Tag: <span>plant-based protein production</span>

Biologics are often produced in or derived from matrices that harbor the potential for introduction of adventitious agents to the drug product. This potential is not strictly theoretical, as viruses such as hepatitis B virus (HBV), hepatitis C virus (HCV), human immunodeficiency virus (HIV), porcine circovirus (PCV), and minute virus of mice (MVM) have been detected in biological products in the past. From a regulatory and safety perspective, assurance that adventitious agents are not present in the drug product is a critical measure of product quality. Guidelines for assuring safety, with respect to adventitious agents in blood-derived products and products produced in mammalian cell culture, are addressed in specific guidances from the Food and Drug Administration (FDA) and the Committee for Proprietary Medicinal Products (CPMP). These guidance documents suggest that safety is best assured through screening donor material or production cell lines, by controlling animal-derived raw materials used during manufacture, incorporating viral removal and inactivation steps in the production process, and protecting the product from the environment during manufacture. Even though Medicago develops products that are produced in plants, a host that does not support the replication of viruses that infect mammals, various regulatory agencies have advised that the production process should contain one or more operations that remove or inactivate adventitious agents. Medicago has investigated multiple methodologies to accomplish this goal, and has found ultraviolet C (UVC) irradiation treatment to be effective for adventitious agent inactivation in the production process used to manufacture their quadrivalent influenza vaccine without detrimental impact to the product…

Biologics Production Manufacturing

Regulatory agencies such as the FDA require the structure and amino acid sequence characterization of recombinant monoclonal antibodies (MAbs) to grant marketing approval. Characterizing such complex, inherently heterogeneous molecules is a significant analytical challenge that requires a broad array of physicochemical tests. Mass spectrometry (MS) is an essential tool for characterizing protein identity, functions, substrate specificity and amino acid sequence (AAS) of recombinant MAb biotherapeutics as it complements, or in some cases supersedes the utility of traditional biological methods. For some of the most important proteomic applications, the high sensitivity and accuracy provided by modern MS has allowed the unequivocal protein characterizationā€¦

Biologics Production

Biopharmaceuticals are predicted to become the main driving force of the pharmaceutical market in the near future. Other than blockbuster products such as erythropoietin, an increasing number of approved recombinant therapeutic proteins are based on antibody technology (e.g., fusion proteins or monoclonal antibodies [MAbs]). In contrast to relatively simple products produced in Escherichia coli bacteria (e.g., insulin), proteins which require complex posttranslational modifications such as glycosylation have to be produced in eukaryotic cells. In this context, production systems have been dominated by mammalian cell culture. Nevertheless, alternative eukaryotic expression technologies based on yeast, insect cells, transgenic animals, or transgenic plants are under development. Plants are a particularly promising alternative to mammalian cell culture because of their excellent safety aspects and estimated cost-efficient upstream/cultivation processes. In addition, plants are well known for their ability to express biologically functional monoclonal antibodies. In comparison to the seed plants most widely used for transgenic protein expression ā€” tobacco, corn, and rice ā€” mosses provide unique, beneficial featuresā€¦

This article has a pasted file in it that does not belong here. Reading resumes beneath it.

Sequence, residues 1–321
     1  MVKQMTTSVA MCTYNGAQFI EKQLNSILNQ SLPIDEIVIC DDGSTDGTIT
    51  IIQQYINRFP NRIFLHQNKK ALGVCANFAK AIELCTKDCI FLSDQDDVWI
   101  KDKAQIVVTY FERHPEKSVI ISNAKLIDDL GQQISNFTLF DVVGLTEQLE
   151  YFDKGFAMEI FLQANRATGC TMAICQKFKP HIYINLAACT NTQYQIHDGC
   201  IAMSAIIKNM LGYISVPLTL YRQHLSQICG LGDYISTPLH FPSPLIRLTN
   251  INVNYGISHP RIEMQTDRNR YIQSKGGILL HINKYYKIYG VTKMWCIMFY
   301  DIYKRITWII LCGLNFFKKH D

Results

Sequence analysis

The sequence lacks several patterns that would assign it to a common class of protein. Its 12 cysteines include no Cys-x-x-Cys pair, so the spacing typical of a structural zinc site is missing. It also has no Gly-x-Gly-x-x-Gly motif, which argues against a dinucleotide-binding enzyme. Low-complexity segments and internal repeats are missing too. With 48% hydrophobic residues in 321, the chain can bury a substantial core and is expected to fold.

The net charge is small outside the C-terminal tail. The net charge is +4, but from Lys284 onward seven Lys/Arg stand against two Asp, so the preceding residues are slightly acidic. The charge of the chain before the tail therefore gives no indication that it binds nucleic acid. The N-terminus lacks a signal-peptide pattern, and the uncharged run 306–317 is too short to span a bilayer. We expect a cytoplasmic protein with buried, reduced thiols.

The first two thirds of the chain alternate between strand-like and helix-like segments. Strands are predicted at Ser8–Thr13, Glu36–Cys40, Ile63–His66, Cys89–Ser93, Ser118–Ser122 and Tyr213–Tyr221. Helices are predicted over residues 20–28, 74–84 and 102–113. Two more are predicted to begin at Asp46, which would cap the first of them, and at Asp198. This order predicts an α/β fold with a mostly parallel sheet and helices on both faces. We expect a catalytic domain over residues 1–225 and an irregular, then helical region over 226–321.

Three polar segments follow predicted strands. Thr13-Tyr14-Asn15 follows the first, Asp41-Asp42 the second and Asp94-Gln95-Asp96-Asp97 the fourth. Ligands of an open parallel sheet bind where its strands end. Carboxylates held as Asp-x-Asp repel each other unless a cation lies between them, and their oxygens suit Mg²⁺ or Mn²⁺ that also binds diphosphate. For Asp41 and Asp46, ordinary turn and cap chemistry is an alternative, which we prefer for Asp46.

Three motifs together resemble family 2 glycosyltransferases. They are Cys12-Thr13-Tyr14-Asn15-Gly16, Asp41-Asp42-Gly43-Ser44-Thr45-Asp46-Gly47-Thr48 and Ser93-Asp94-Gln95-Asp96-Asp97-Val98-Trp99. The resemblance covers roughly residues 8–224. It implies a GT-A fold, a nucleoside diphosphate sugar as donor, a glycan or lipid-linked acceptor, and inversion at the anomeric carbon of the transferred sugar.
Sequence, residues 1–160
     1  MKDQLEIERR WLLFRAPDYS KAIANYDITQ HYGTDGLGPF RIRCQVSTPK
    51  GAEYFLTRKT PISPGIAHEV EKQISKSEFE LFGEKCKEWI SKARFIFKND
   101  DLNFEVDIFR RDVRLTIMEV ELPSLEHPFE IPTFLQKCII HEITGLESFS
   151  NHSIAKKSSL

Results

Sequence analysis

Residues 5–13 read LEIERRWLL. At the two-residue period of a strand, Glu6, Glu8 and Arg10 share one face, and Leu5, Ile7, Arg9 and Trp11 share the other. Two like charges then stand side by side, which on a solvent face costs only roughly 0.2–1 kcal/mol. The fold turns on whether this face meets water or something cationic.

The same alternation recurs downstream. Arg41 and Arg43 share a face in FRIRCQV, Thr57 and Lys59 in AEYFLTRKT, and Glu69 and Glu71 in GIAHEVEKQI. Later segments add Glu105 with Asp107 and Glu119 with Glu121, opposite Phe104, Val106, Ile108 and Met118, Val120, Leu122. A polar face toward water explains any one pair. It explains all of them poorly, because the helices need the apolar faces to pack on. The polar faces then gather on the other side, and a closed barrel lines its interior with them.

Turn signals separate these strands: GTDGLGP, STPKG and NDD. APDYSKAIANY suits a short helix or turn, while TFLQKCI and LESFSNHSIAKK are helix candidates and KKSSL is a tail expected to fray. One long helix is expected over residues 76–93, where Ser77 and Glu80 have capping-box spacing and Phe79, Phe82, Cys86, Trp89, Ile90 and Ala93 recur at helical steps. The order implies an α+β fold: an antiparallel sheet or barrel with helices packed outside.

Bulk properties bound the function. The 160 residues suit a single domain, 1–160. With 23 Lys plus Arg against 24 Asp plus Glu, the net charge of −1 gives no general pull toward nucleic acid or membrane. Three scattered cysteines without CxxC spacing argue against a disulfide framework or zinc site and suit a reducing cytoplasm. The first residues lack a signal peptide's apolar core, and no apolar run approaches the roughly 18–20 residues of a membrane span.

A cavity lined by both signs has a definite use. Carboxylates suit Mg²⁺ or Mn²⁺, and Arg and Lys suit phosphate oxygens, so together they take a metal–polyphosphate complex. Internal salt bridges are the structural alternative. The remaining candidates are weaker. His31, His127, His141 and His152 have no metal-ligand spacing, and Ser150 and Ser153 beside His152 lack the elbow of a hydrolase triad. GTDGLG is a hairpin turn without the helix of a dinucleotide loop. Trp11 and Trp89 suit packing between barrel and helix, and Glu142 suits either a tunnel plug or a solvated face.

Biologics Production

The use of plants as protein expression hosts for human therapeutic proteins is emerging as a safe and cost-effective alternative to microbial and mammalian cell culture. Pharmaceutical protein production is typically carried out in microbes and mammalian cell culture because of their high production potential and/or ability to produce complex eukaryotic proteins. However, immense costs are typically required for production facilities to support their growth. To offset these costs, companies usually build and expand a production facility over several years. In fact, it has been predicted that the demand for high-value pharmaceuticals produced by cell culture will quickly surpass the ability of pharmaceutical companies to produce them…

Biologics Production

More than 130 drug and vaccine approvals for 95 entities over the last 20 years have generated roughly $30 billion in revenue for the biotech industry. The vast majority of this revenue comes from 30 proteins that have manufacturing bottlenecks resulting from the complexities of consistent protein production. The lag times involved in constructing mammalian cell fermentation facilities keeps supply of immensely successful high-volume drugs like Enbrel, Rituxan, and Remicade well below estimated demand. In other cases, the complexities of peptide synthesis threaten the potential of soon-to-be-launched or recently approved drugs like Fuzeon. The Pharmaceutical Research and Manufacturers of America (PhRMA) has documented more than 371 new biotech drugs in development, supporting the view that demand for many biopharmaceuticals will continue to outstrip supply. That number does not include the multitude of biotech drugs still in research stages…

Biologics Production